This summer (2022) I got to meet Carrie and Kelly Armstrong, the Indigenous founders of an Alberta business called Kikawinaw (pronounced kick•ah•win•ow).
Kikawinaw is home-brewed tea using Carrie and Kelly’s grandmother’s tea recipe, kissed with Alberta Righand Distillery gin and bubbles, created to honour and replenish.
Kikawinaw is made using a blend of plants, herbs and wild berries with wild rose gin, created after the sisters manned a cold tea booth at a Taste of Edmonton back in 2017. Their booth neighbour was Righand Distillery, who joked the two companies should merge their tea and gin.
It took a little while to get going but the partnership was formalized in 2020, just before the pandemic. They started with just a 100L tank, which at the time Carrie recalls seemed like a lot.
Today, Righand is processing 900L of tea every few weeks. That translates to roughly 2,400 cans of Kikawinaw gin + tea. This partnership marked the first pasteurized product for Righand.
Carrie and Kelly were born in the Alberta Foothills in Hinton, located just west of Edmonton, and lived next door to their grandmother, who taught them all about plants.
“She loved picking berries, talking about plants, and using plants,” they told me, when I met them at Righand Distillery in Nisku in June to learn about their business for some work with Travel Alberta. “She turned the plants into teas.”
To these Metis women, Kikawinaw is a way to reclaim their culture.
“Our mother was a residential school survivor. Culture wasn’t something we were taught,” Carrie says. “You didn’t admit you were Indigenous. Now (our business, Kikawinaw) is about reclaiming culture and reclaiming that love of plants that our grandmother had.”
The sisters say that fermented fruit has been used in Indigenous ceremony for thousands of years. Kikawinaw loosely translates to ‘Mother Nature’—something we could all become more connected with, Carrie says.
Through Kikawinaw, the Armstrong sisters say they are taking control of the story, creating positive Indigenous representation in this space.
They say Kikawinaw is “reconciliation in action.”
Kikawinaw is a pink, bubbly and fizzy, berry-infused tart tea with award-winning Righand Distillery wild rose gin.
In fact, in its short-time, Kikawinaw is also an award winner—most recently taking a spot in the ready-to-drink Hard Teas category for Judge’s Selection in the 2021 Alberta Beverage Awards.
This Fall 2022, Righand Distillery is moving to a bigger location near the Edmonton International Airport, and opening an interpretive centre on site designed and executed by Carrie via her other business: Mother Earth Essentials, a popular bath and beauty line that uses wild edible and medicinal plants that can be collected on the prairies. Mother Earth Essentials products will also be featured at the new centre, alongside Kikawinaw.
Righand President Geoff Stewart tells me that the interpretive centre will help people better connect to where their food and drink comes from, and will include small plot farming and a community garden. The centre will also provide after school programming to teach kids how to grow their own food, include walking paths that show old agriculture practices compared to modern agriculture practices, along with fields of undisturbed traditional plants.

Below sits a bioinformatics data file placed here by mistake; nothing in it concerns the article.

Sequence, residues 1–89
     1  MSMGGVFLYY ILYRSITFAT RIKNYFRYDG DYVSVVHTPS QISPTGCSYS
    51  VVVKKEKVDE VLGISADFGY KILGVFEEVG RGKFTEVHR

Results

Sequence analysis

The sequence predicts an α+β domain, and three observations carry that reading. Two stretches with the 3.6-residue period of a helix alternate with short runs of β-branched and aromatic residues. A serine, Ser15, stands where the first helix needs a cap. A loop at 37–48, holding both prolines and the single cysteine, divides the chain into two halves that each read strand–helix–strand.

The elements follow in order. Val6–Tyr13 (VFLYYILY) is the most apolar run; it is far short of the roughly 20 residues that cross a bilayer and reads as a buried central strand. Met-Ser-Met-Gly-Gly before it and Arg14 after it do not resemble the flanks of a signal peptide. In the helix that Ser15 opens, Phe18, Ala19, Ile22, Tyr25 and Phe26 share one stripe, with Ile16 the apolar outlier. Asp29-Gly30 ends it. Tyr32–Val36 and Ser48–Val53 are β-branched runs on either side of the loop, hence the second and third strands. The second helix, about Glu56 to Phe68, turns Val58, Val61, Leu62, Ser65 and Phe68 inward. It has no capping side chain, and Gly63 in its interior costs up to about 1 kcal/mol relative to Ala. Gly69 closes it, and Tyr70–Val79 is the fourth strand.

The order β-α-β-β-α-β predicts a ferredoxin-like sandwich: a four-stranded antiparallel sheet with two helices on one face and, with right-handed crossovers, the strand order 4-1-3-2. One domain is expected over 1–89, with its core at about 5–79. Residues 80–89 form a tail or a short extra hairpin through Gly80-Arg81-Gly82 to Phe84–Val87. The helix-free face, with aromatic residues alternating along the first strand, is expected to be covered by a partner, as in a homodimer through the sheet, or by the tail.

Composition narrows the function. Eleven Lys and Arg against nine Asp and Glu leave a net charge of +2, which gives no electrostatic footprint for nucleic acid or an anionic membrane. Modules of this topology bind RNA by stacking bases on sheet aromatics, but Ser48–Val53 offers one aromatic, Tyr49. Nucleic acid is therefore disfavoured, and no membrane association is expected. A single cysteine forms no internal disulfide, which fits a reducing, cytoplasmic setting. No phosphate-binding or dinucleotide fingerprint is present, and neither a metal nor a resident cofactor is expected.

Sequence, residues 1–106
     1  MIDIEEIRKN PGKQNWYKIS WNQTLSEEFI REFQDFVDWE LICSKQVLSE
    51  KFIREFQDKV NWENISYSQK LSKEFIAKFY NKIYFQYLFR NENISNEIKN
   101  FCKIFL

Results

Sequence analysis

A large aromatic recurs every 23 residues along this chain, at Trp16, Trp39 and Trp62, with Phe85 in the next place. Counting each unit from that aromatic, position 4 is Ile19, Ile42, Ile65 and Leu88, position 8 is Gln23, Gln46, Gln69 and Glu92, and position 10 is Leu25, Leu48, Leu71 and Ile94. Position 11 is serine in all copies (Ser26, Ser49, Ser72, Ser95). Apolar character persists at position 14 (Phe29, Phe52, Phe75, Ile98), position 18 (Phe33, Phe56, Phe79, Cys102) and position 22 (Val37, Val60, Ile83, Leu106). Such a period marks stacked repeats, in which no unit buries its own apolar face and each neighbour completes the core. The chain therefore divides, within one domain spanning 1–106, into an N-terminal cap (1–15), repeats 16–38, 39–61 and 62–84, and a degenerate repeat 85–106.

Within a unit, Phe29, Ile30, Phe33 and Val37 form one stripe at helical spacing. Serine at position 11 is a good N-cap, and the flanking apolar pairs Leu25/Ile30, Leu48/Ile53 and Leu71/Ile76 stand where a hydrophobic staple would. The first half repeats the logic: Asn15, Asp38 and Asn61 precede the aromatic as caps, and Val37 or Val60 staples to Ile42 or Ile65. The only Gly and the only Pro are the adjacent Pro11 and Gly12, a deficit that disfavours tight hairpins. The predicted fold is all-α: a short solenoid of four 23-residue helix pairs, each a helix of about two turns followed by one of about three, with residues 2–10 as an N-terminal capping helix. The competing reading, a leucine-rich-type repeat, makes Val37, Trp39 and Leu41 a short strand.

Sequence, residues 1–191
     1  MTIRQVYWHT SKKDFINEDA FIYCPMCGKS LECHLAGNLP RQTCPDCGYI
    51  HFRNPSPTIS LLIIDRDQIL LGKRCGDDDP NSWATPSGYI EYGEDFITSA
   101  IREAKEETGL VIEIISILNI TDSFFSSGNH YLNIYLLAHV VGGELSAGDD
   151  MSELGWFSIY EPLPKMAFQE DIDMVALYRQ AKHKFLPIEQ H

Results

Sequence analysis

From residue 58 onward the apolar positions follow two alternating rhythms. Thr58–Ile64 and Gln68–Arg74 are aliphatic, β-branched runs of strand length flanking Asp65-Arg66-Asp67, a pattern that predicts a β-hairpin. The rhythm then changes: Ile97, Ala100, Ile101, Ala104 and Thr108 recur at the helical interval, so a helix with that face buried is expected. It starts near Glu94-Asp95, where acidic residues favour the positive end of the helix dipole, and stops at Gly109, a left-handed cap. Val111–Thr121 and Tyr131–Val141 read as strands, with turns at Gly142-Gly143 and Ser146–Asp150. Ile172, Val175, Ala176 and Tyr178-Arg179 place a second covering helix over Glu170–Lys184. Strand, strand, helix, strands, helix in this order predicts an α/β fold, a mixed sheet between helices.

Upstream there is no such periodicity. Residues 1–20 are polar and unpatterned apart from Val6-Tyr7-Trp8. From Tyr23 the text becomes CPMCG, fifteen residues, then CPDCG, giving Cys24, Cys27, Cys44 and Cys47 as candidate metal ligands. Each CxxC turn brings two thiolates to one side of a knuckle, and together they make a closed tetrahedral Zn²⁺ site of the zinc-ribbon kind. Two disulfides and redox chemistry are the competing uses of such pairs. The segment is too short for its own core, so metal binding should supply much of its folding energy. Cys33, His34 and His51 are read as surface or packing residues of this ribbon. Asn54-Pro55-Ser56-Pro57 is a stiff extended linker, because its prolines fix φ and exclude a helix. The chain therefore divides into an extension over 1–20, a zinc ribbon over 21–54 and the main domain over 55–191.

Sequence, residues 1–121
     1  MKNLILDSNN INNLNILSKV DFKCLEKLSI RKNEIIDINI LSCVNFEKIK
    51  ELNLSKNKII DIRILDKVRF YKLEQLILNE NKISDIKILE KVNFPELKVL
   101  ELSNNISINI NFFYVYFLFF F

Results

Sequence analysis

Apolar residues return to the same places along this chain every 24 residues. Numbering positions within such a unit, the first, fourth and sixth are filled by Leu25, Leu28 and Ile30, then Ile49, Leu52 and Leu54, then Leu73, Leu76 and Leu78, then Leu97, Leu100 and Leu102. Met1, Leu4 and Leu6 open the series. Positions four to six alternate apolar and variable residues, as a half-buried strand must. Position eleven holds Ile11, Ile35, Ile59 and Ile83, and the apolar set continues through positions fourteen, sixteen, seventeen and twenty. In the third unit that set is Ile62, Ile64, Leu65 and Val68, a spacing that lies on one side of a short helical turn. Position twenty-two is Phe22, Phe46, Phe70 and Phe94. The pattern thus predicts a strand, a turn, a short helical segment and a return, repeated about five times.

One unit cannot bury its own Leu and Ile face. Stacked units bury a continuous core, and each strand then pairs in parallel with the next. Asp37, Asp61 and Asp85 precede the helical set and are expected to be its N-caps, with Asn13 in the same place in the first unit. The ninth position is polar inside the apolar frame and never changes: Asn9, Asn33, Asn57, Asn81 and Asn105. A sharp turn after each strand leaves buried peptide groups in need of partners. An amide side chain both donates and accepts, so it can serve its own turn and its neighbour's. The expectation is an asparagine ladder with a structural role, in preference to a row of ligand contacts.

The interpretive centre will also prominently feature a display that addresses the negative effects of alcohol and colonization.
“We know alcoholism is a problem in our industry. Alcohol is fun but it has a dark side. As a business owner, I feel morally responsible to address this and find a path for everyone to build a healthy relationship with alcohol,” Geoff says. “I believe in reconciliation and have a part to play in it.” Partnerships with Indigenous business owners like Carrie and Kelly is part of that work. They will be planning and designing all of the content for the Indigenous Interpretive Centre in consultation with their Elders and community members.
It was an absolute pleasure to meet Kikawinaw’s Carrie and Kelly Armstrong, and to speak with Righand’s Geoff Stewart. Our interview was originally just for a social media feature via Travel Alberta’s accounts, but I thought their story was so important I wanted to share it via blog too.
Followers of mine will know that one of my acts of reconciliation is amplifying Indigenous entrepreneurs and voices, as well as spending money to support Indigenous artists, makers, and business owners—like Carrie and Kelly Armstrong.
I love that we’re seeing more stories of Indigenous communities reclaiming culture and space.
And I love that connection Kikawinaw has with Carrie and Kelly’s childhood, grandmother, and heritage. That’s something you can feel with every sip of their tea.
Carrie and Kelly say they know that through Kikawinaw, their grandmother would be honoured.
You can also ask your local liquor store to carry it—to increase demand for the product, or you can order direct through Righand Distillery too.
Thank you Carrie and Kelly for sharing Kikawinaw with me. I also got to taste test the tea and it was so good—so refreshing (best served cold!)
Indigenous Alberta Spotlight is a shout-out series I write showcasing—you guessed it—Indigenous businesses in Alberta. Amplifying Indigenous voices and supporting Indigenous-owned businesses is one of my ongoing acts of reconciliation. Alongside my Small Business Spotlight series, and in general, I prioritize Indigenous, Black, People of Colour and / or women-owned businesses (as statistically these business owners face the most systemic challenges to getting started and / or finding success). You’re welcome to suggest an Indigenous business based in Alberta for me to spotlight, though I offer no guarantees as to whether a business is spotlighted.
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